52

I have a simple program to check if a port is open, but I want to shorten the timeout length on the socket connection because the default is far too long. I'm not sure how to do this though. Here's the code:

#include <sys/socket.h>
#include <sys/time.h>
#include <sys/types.h>
#include <arpa/inet.h>
#include <netinet/in.h>
#include <errno.h>
#include <fcntl.h>
#include <stdio.h>
#include <netdb.h>
#include <stdlib.h>
#include <string.h>
#include <unistd.h>

int main(int argc, char **argv) {
    u_short port;                /* user specified port number */
    char addr[1023];             /* will be a copy of the address entered by u */
    struct sockaddr_in address;  /* the libc network address data structure */
    short int sock = -1;         /* file descriptor for the network socket */

    if (argc != 3) {
        fprintf(stderr, "Usage %s <port_num> <address>", argv[0]);
        return EXIT_FAILURE;
    }

    address.sin_addr.s_addr = inet_addr(argv[2]); /* assign the address */
    address.sin_port = htons(atoi(argv[2]));            /* translate int2port num */

    sock = socket(AF_INET, SOCK_STREAM, 0);
    if (connect(sock,(struct sockaddr *)&address,sizeof(address)) == 0) {
        printf("%i is open\n", port);
    }  
    close(sock);
    return 0;
}
1
  • You added in your answer "fcntl(sock, F_SETFL, O_NONBLOCK)" Note that after this the next socket read becomes also nonblocking!
    – user2791114
    Sep 18 '13 at 10:44
67

Set the socket non-blocking, and use select() (which takes a timeout parameter). If a non-blocking socket is trying to connect, then select() will indicate that the socket is writeable when the connect() finishes (either successfully or unsuccessfully). You then use getsockopt() to determine the outcome of the connect():

int main(int argc, char **argv) {
    u_short port;                /* user specified port number */
    char *addr;                  /* will be a pointer to the address */
    struct sockaddr_in address;  /* the libc network address data structure */
    short int sock = -1;         /* file descriptor for the network socket */
    fd_set fdset;
    struct timeval tv;

    if (argc != 3) {
        fprintf(stderr, "Usage %s <port_num> <address>\n", argv[0]);
        return EXIT_FAILURE;
    }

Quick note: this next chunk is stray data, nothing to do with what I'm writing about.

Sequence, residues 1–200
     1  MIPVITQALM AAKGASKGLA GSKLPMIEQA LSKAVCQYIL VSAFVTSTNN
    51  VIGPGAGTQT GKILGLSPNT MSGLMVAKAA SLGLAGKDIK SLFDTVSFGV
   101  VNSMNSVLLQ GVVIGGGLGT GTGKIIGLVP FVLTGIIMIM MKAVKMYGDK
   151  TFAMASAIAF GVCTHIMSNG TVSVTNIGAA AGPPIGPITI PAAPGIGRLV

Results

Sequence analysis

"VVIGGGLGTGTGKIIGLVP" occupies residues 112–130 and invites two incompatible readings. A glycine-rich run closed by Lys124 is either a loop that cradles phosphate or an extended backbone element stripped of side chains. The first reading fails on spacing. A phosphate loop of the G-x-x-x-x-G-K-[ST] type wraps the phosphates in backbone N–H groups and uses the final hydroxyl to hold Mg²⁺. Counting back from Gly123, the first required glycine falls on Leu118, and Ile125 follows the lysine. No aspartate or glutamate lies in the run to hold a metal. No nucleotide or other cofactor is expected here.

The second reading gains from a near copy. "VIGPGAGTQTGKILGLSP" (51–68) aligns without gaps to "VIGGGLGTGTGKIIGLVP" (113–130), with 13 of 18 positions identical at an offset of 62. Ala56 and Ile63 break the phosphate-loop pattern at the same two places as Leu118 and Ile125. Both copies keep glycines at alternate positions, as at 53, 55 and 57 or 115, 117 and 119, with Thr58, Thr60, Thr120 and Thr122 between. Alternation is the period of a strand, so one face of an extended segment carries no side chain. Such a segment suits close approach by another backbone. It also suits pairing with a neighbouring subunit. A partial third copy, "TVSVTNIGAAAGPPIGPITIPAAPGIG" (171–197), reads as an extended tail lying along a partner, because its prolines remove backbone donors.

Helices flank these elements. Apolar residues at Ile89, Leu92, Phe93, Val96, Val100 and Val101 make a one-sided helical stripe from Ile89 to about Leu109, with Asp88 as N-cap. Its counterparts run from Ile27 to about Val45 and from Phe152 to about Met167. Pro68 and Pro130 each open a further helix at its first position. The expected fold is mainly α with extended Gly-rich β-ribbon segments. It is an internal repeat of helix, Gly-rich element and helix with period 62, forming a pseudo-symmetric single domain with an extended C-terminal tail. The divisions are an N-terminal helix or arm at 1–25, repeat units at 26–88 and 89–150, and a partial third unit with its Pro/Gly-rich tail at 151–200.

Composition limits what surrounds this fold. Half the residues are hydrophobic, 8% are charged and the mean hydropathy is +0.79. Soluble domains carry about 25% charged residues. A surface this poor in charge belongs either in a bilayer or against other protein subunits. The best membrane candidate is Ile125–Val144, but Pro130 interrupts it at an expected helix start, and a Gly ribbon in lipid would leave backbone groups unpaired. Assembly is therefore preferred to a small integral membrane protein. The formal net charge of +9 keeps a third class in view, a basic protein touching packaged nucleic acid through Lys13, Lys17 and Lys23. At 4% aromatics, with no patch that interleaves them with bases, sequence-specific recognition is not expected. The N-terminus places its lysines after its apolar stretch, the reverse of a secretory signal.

port = atoi(argv[1]);
    addr = argv[2];

    address.sin_family = AF_INET;
    address.sin_addr.s_addr = inet_addr(addr); /* assign the address */
    address.sin_port = htons(port);            /* translate int2port num */

    sock = socket(AF_INET, SOCK_STREAM, 0);
    fcntl(sock, F_SETFL, O_NONBLOCK);

    connect(sock, (struct sockaddr *)&address, sizeof(address));

    FD_ZERO(&fdset);
    FD_SET(sock, &fdset);
    tv.tv_sec = 10;             /* 10 second timeout */
    tv.tv_usec = 0;

    if (select(sock + 1, NULL, &fdset, NULL, &tv) == 1)
    {
        int so_error;
        socklen_t len = sizeof so_error;

        getsockopt(sock, SOL_SOCKET, SO_ERROR, &so_error, &len);

        if (so_error == 0) {
            printf("%s:%d is open\n", addr, port);
        }
    }

    close(sock);
    return 0;
}
4
  • 9
    This works in *nix, but does not work in Windows. In Windows, you determine if the socket is connected by looking at the return value of "select" in your code above. In windows, select returns 1 if the connection completed, or it returns 0 if the connection was not successful. If you look at so_error, then Windows always returns 0, even when the connection failed. That's windows for you, as they say. May 8 '15 at 13:32
  • 1
    What if I don't want to use non-blocking mode for other socket operations (like read, write)? Can I clear O_NONBLOCK flag after socket is connected? If it is possible, is It safe?
    – anton_rh
    Jul 7 '16 at 12:37
  • 1
    @anton_rh: Yes, it is safe to clear O_NONBLOCK and put the socket back into blocking mode.
    – caf
    Jul 7 '16 at 12:52
  • 1
    It is also much better to use poll then select. Nobody should use "select" in new software anymore because it is broken when you increase the number of open file descriptors per process behind a very limited number. Also using SOCK_NONBLOCK directly in the socket call is recommended (maybe also use SOCK_CLOEXEC)
    – Lothar
    Jun 9 '17 at 21:21
50

This article might help:

Connect with timeout (or another use for select() )

Looks like you put the socket into non-blocking mode until you've connected, and then put it back into blocking mode once the connection's established.

void connect_w_to(void) { 
  int res; 
  struct sockaddr_in addr; 
  long arg; 
  fd_set myset; 
  struct timeval tv; 
  int valopt; 
  socklen_t lon; 

  // Create socket 
  soc = socket(AF_INET, SOCK_STREAM, 0); 
  if (soc < 0) { 
     fprintf(stderr, "Error creating socket (%d %s)\n", errno, strerror(errno)); 
     exit(0); 
  } 

  addr.sin_family = AF_INET; 
  addr.sin_port = htons(2000); 
  addr.sin_addr.s_addr = inet_addr("192.168.0.1"); 

  // Set non-blocking